Once, I was in my family doctor clinic and I suggested that he goggled his name to see what others were writing about him. Instead, he goggled his daughter’s name and was shocked that she had proclaimed that she was a 23 year old woman when she was only 13 years old.

However, I am glad that most bloggers are responsible and if someone oversteps major social norms and cultural sensitivities, they will be flamed by other bloggers.

Perhaps before we get flamed we should remember to PAO our blog.

Saturday, September 22, 2007

Children's Day, Children's Right

October 1 is Children's Day. After organizing numerous children’s party for them and the final balloon has burst, perhaps it is a good time to take stock and examine if we have provided our children with their basic rights.

According to the United Nations Convention of the Rights of the Child, Article 18(1), "Parents or, as the case may be, legal guardians, have the primary responsibility for the upbringing and development of the child. The best interests of the child will be their basic concern."

It was an exciting time when my eldest son was born for his grandparents as he was the first grandson and great-grand son. He was spoilt rotten with gifts galore. When he was naughty, he was seldom disciplined and was excused as being mischievous or just being a child. Once, we felt that a good caning was required but one of his grandparents was upset with our mode of punishment. We had to put our foot down and explained firmly yet gently that our child is our primary responsibility and it was our duty to discipline him.

With women working, many of us have to depend on our parents to look after our children. However, grandparents sometimes forget their role and took over role of the parents.

For example, one of my acquaintances has left strict instructions to her parents not to let her baby listen to a particular genre of music. The grandfather, however, insists that the baby listen to it and give explicit instruction to his wife to play the music when the child’s mother is not around. The grandfather has overstepped his boundary and did not respect his daughter rights.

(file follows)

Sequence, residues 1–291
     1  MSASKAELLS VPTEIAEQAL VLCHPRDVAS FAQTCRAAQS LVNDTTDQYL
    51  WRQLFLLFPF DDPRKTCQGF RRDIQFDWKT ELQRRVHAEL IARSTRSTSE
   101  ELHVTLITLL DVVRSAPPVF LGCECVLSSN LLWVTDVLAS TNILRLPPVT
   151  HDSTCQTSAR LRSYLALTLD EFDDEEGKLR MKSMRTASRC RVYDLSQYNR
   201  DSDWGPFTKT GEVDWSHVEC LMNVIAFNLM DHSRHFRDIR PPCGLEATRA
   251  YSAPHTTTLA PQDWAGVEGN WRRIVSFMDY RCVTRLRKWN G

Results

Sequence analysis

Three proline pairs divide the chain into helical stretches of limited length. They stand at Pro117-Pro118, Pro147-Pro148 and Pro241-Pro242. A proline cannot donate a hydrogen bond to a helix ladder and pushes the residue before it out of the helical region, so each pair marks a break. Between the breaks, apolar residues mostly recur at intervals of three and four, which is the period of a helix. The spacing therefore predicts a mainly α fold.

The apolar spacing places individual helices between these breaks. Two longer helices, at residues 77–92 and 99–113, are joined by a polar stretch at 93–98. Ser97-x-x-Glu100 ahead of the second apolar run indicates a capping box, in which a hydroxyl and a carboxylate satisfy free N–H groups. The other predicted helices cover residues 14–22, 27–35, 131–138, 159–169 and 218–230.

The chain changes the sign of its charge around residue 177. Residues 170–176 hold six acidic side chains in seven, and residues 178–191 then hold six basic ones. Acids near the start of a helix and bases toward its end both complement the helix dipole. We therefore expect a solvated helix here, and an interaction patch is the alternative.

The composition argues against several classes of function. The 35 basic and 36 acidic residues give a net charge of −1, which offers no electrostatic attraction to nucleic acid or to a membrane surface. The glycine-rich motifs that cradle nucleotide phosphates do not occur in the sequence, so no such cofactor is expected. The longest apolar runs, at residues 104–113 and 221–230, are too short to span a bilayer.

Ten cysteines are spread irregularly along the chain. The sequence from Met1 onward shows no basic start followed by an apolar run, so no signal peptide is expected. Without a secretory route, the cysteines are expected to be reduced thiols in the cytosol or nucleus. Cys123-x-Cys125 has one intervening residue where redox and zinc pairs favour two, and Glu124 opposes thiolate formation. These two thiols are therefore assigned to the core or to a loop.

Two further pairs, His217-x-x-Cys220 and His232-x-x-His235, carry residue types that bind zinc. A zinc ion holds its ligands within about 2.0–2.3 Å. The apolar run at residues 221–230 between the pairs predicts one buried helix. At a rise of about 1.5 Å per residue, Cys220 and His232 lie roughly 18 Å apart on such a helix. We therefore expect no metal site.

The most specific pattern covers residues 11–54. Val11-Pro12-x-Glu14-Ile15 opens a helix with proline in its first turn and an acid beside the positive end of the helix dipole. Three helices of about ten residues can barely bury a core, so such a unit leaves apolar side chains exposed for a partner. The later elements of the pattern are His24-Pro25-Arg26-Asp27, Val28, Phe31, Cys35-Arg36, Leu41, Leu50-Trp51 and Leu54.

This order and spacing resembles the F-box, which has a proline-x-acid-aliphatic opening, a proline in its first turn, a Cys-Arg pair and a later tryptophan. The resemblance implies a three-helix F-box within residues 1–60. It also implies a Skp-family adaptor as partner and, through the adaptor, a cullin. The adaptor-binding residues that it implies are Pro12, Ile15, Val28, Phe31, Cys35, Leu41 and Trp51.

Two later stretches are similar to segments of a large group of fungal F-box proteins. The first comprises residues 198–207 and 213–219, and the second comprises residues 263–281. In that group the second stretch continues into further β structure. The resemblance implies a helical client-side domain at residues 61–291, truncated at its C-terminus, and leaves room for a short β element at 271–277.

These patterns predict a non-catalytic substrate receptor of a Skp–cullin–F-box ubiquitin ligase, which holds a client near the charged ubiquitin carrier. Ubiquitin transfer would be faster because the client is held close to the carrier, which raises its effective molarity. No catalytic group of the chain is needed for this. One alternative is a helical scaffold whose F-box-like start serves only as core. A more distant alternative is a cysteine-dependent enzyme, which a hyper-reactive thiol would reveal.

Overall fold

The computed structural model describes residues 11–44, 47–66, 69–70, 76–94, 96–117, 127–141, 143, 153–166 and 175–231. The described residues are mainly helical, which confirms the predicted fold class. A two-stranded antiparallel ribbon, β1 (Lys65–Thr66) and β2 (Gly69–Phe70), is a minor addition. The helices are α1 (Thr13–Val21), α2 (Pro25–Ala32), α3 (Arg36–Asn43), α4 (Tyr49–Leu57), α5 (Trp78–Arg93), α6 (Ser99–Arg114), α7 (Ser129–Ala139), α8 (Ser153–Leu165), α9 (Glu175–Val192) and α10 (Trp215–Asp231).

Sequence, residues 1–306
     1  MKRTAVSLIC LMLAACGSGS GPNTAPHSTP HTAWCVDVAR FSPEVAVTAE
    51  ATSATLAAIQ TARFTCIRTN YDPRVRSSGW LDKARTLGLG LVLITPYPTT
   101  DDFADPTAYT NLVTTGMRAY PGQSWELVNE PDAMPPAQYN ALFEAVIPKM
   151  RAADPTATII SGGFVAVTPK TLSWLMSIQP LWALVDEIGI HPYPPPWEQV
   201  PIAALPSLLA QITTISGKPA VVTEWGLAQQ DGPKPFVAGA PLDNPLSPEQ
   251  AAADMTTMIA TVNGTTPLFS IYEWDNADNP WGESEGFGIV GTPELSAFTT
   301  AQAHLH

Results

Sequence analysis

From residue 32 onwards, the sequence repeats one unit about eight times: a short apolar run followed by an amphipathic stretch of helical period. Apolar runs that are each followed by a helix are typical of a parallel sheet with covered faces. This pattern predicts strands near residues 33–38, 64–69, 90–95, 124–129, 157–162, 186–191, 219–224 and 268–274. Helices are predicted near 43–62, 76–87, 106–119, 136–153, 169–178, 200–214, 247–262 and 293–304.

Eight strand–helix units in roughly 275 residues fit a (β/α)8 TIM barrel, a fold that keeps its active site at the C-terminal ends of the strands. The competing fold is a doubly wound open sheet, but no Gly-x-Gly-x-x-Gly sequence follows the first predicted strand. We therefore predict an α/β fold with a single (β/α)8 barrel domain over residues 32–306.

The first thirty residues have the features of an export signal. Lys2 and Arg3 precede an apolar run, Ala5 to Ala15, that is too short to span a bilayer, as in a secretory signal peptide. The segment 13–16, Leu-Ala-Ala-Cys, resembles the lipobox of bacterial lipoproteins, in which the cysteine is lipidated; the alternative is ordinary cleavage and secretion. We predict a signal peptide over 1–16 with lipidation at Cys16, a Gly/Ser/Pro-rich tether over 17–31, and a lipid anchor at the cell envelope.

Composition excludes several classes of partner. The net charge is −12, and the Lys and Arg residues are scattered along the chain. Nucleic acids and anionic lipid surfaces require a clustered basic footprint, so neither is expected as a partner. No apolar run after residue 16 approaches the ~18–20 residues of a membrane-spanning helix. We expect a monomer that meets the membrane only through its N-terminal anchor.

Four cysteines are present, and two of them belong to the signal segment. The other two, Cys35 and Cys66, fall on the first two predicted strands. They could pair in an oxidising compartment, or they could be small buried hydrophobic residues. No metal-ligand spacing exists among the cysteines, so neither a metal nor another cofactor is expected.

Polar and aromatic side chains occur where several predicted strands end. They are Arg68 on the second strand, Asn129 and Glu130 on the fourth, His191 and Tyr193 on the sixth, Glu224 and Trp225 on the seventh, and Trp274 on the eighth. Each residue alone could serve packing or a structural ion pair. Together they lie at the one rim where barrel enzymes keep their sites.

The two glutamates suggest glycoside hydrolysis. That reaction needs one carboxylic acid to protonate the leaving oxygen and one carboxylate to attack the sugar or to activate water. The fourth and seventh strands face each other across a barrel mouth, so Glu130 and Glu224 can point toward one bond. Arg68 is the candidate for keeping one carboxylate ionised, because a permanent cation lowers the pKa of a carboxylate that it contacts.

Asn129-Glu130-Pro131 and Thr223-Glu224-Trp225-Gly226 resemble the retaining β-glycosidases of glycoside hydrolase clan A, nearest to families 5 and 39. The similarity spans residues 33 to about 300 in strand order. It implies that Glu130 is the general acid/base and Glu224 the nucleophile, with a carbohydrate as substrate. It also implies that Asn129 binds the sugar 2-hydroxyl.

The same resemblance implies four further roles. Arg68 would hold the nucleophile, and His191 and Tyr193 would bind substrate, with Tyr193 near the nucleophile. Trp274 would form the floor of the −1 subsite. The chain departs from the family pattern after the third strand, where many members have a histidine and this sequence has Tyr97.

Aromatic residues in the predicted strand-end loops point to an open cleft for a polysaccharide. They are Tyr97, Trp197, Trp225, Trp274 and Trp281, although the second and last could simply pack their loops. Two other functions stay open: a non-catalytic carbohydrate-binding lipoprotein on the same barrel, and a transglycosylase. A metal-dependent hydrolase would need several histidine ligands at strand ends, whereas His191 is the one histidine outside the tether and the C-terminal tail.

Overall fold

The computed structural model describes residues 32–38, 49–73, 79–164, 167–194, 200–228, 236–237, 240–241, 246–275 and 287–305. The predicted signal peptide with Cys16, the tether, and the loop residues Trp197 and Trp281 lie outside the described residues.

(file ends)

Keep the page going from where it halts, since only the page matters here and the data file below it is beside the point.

Often grandparents would defend themselves and justify their action by saying that they have the best interest of the grandchild at heart. But what happens when there is a conflict or difference of opinion? Who should give way? The parents deferring to the grandparents? Or the grandparents graciously letting go of their children and trusting that they will do a good job with their grandchild?

The grandparents still have an important role to play in a grandchild’s life. They can create a safe environment where the child can explore and play, they can tell stories or comfort the child when he falls.

However when it comes to the area of discipline, the upbringing and development of the child, parents must maintain the primary responsibility and have the final say.

As parents, we can not give the excuse of project deadlines, overseas work assignments and unreasonable employer demand as an excuse to avoid the role and responsibility of bring up a child. We have heard of a pair of missionary workers who were consistently seeking overseas missionary work to do while leaving their two young children behind to be looked after by their relatives.

Our children have the right to a healthy relationship with us. They have the right to grow up in a safe, caring environment where they are free to develop and grow to their fullest potential. Our role as parents is to nurture the talents and gifts that are hidden in our children and not living our unfulfilled life through them. Often in the name of wanting the best for our children, we failed to recognize their needs and their interest.

Recently, a lawyer quit her high pay job to be a teacher and took a hefty paycut. She is lead a more fulfill and happier life now as a teacher instead of working in a stressed-filled environment for almost 18 hours a day. Her father had insisted that she read law. Luckily she had the courage to take charge of her life and change her job before it was too late.

A middle age mother of two was not so brave. Growing up with a strong-will and domineering mother, she has recently committed herself to a seven year part time course. Although she has no interest at all in this course, her mother had insisted on it. Consequently she is not given a space to grow into a responsible, mature adult with her two children suffering as she finds it difficult to function as a parent.